UK travellers face Brexit fees on EU cash transfers and withdrawals

French bank Credit Agricole introduces €5 ATM fee and €18 charge on cash transfers

A branch of Credit Agricole in Warsaw, Poland.  Reuters
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British travellers wishing to make withdrawals at Credit Agricole ATMs within the European Union, or to transfer money to Credit Agricole account holders in the region, will now be subject to charges.

ATM withdrawals will cost €5 ($5.50) for those with UK-issued or registered bank cards, while cash transfers will cost €18. The fees are likely to adversely affect millions of people, from tourists and business travellers to second-home owners and expats.

The move by the French bank is one other European banks look set to follow, according to reports in regional media.

When Britain was a member of the EU, such a move was prohibited by the SEPA rule which dictates that EU-wide charges must not exceed domestic charges.

Following Brexit, the diktat no longer applies, even though Britain opted to retain access to SEPA infrastructure.

The move was not unforetold with the UK's Financial Conduct Authority previously warning ATM withdrawals would become more expensive following Brexit.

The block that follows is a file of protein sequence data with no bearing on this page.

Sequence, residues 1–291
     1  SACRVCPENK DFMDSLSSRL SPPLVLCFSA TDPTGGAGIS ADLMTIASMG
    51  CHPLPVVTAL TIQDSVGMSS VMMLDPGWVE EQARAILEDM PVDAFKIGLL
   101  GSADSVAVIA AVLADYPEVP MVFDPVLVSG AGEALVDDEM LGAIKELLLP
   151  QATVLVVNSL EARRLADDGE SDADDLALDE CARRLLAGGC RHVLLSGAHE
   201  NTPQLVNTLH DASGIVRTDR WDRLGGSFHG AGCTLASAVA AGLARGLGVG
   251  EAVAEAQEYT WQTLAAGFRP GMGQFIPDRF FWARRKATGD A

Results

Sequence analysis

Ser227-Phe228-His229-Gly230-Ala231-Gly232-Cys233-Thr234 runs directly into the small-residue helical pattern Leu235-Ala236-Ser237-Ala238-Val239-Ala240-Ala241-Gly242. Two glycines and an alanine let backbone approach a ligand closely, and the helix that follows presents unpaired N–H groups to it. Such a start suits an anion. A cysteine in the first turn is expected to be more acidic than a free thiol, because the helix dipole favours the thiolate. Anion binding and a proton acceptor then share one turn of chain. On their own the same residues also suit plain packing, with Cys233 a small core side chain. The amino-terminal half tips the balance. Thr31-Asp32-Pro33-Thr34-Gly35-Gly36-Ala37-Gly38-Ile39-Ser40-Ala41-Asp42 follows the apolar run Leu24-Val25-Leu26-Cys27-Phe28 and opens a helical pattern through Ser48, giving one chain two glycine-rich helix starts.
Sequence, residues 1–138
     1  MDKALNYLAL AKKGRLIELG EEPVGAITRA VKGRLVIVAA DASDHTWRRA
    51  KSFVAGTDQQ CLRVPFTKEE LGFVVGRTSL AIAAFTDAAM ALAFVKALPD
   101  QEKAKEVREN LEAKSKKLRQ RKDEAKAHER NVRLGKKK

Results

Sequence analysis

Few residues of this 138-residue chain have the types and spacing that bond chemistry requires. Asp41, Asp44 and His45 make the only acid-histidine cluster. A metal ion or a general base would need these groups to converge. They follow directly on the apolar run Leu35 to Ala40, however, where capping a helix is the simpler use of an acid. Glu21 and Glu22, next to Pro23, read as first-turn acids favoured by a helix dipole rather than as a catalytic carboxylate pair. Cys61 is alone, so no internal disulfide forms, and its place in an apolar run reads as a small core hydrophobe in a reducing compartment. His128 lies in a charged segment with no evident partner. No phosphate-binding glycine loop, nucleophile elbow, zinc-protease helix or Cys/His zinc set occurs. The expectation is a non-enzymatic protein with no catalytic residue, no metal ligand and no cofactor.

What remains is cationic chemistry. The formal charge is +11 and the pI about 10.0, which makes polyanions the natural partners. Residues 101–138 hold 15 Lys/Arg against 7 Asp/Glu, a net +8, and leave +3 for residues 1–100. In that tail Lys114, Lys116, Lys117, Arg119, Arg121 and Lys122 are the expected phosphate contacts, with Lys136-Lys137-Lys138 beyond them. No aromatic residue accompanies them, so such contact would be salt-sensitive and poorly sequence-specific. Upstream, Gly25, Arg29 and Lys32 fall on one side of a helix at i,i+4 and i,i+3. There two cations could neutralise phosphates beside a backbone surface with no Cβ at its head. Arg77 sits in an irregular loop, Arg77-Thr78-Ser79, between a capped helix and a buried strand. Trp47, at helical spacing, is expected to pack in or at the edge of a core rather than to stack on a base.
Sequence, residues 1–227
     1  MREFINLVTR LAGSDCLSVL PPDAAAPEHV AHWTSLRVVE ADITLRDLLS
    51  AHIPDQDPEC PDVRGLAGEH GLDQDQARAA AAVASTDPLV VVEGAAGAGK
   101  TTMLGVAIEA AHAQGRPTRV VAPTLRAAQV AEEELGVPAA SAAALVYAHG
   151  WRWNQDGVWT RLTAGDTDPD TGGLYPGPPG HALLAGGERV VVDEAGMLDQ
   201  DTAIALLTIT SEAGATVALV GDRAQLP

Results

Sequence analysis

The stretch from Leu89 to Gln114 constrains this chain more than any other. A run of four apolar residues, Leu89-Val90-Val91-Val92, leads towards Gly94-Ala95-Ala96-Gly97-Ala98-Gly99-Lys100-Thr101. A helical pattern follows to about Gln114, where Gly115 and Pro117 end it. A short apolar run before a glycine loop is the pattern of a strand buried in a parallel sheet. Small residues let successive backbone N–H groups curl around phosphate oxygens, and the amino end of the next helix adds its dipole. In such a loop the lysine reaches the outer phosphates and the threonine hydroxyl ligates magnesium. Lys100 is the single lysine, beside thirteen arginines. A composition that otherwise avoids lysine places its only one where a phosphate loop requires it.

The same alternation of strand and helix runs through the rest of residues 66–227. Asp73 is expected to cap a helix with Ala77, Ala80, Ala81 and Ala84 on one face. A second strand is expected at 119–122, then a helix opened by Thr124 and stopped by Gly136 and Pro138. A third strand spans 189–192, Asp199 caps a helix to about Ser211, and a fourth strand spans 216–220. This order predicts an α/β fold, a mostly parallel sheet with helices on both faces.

“We expect firms to let you know about any changes in charges that affect products you have,” the regulator said.

The charges will compound existing charges levied by UK banks on foreign transactions, which may well now find themselves under pressure to remove or reduce them all together.

One person already hit by the fees is Deborah Elliot. She owns a second home in France and has a Credit Agricole account for bills.

“We bank with Santander in the UK, which doesn’t have any fees for withdrawing euros on our UK debit cards,” she told magazine The Connexxion.

“So we often top up our French bank account by taking out cash with the UK card over a few days and then pay it into the French account, as this avoids our UK bank’s flat fee of £25 per international transfer.”

Fees contested by lobby group

Credit Agricole's move has been called unlawful by the European Consumer Centre which lobbies on cross-border payments.

The ECC believes SEPA rules should still apply to the UK as it remains a SEPA member. The claim was strongly rejected by Credit Agricole, which reportedly said SEPA membership has no bearing on the decision and that membership of the European Economic Area is the key determinant.

The fees come up on top of €7 per person levy for UK residents to enter the EU which is to be implemented later this year when Britain joins the European Travel and Information and Authorisation Scheme.

Updated: March 25, 2022, 3:10 AM